To come down to details of casualties. Of the five officers of my company who went over I am the only one left. Two were killed instantly, one badly wounded and one, our captain wounded in the ankle. Of the officers in the battalion who went over few came through unhurt. It can only be by a miracle that the rest of us got through. However our battalion has done it and done it gloriously. We have received the thanks and congratulations, not only of our Divisional General but of General [Rawlinson] the army commander.

 

The authorship of this account is unknown; but there is a strong possibility that it was another young Newburian officer in the 6th Battalion at the time - Albert Peel.

 

Despite taking heavy casualties on 1 July the battalion was called upon again less than three weeks later - things did not go so well for Andrew this time:

Newbury Weekly News, 27 July 1916 - Local War Notes
Mrs L Fox, 2, Arthur-road, Newbury, mother of Second-Lieut A J Fox, 6th Royal Berks Regiment, has received a communication that he is in a hospital in France wounded in the recent fighting from machine gun bullets. The wounds are not serious.

This short paragraph gives little idea of what lay behind this minor wound.  The 6th Royal Berks was part of the 53rd Brigade within the 18th (Eastern) Division, but, in July 1916 the 53rd Brigade was temporarily transferred to the 9th (Scottish) Division to assist in an attempt to capture the village of Longueval and Delville Wood. It was a poorly planned, ill-thought-out plan that resulted in little success and heavy casualties (31 dead, 31 missing and 131 wounded from the already depleted 6th Royal Berks alone). Brigade commander Brig Gen Higginson would later describe Delville Wood as 'the graveyard of my brigade'. Andrew was lucky to escape with a flesh wound. 

He was treated at No 8 General Hospital, Rouen and rejoined the battalion on 23 November 1916 – the war diary recording him as 2nd/Lt Fox. However, he had actually been promoted to Lieutenant on 4 November.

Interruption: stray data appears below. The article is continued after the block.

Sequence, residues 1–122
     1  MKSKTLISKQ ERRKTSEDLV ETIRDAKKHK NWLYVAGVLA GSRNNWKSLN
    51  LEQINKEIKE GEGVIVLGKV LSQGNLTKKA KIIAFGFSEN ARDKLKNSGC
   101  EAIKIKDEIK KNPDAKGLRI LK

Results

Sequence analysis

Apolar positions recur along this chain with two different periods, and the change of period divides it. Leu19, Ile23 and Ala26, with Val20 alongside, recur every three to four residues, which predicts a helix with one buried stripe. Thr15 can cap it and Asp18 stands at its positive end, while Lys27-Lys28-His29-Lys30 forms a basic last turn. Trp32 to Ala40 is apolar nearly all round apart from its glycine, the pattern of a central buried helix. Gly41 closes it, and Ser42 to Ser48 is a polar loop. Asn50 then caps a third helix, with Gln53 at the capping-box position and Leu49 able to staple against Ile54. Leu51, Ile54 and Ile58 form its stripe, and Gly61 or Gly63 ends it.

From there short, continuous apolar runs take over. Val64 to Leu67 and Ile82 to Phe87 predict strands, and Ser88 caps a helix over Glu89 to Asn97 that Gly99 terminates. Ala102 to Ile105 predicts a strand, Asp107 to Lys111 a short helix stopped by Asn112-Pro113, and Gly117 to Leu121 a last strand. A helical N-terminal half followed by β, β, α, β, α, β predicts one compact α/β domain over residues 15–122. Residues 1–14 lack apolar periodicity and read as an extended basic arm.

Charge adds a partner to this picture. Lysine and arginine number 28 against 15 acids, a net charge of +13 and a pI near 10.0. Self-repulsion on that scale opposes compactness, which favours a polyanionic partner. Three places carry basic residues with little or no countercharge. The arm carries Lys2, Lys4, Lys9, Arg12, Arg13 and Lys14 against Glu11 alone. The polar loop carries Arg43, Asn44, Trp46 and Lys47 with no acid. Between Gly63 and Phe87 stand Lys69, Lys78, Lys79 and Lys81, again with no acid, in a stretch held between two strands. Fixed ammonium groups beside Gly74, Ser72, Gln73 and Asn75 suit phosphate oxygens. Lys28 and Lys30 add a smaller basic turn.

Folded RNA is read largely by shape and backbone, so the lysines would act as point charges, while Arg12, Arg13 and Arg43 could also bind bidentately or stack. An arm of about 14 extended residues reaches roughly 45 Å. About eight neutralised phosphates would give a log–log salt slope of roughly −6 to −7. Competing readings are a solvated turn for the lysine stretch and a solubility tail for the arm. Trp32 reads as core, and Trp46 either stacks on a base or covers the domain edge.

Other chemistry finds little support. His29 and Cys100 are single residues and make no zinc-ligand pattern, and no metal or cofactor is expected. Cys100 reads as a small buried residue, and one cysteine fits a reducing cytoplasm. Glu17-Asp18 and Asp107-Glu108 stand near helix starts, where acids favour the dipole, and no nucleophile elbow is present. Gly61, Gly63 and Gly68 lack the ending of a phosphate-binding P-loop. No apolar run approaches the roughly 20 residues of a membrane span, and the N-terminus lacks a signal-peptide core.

The stories on this website often record letters written to the deceased soldier's family, written by his officer, praising their lost loved one's qualities and tendering sympathies for their loss. As a infantry officer the sad responsibility of writing such letters fell to Andrew. Writing to the family of a soldier from his home town must have felt an even weightier task; writing in the knowledge that he was very likely to meet members of the bereaved family in the future:

Newbury Weekly News, 15 February 1917 - Local War Notes
The sad news has been received by Mrs Manley, of Jack-street, that her husband, Pte W H Manley, of the Royal Berks, was killed by a shell on the night of January 27th. Lieut Andrew J Fox, in a letter, says, "It may afford you some consolation to know that your husband did his duty well and faithfully. He proved himself a good soldier, and one we can ill afford to lose. He was a great favourite in the platoon, and well liked throughout the Company; keen, always willing to assist, a soldier in whom his officers placed the greatest confidence."

 

Two days after this letter was printed in the newspaper, Andrew was wounded again on 17 February 1917:

Newbury Weekly News, 22 February 1917 - Local War Notes
The melancholy news has been received by wire from War Office that 2nd Lieutenant Andrew J Fox is in hospital at Etretat, seriously wounded. It is only recently that we recorded the promotion of this Newbury young man to the position of 2nd-Lieutenant.

Newbury Weekly News, 17 May 1917 - Local War Notes
Temporary Lieutenant A J Fox, Royal Berks, has been promoted Temporary Lieutenant*, as from November 4th, 1916. He is son of Mr J J Fox, of Arthur-road, Newbury, and is now an inmate of Lady Cooper’s hospital at Hursley Park, Winchester, having been wounded a second time.


*As with many wartime promotions his commission was ‘temporary’ ie for the duration of the war.

This was a far more serious wound, a gunshot wound in his buttock and shrapnel in his right knee. He was admitted into No 1 General Hospital in Etretrat before being sent back to England for convalescence at Hursley Park.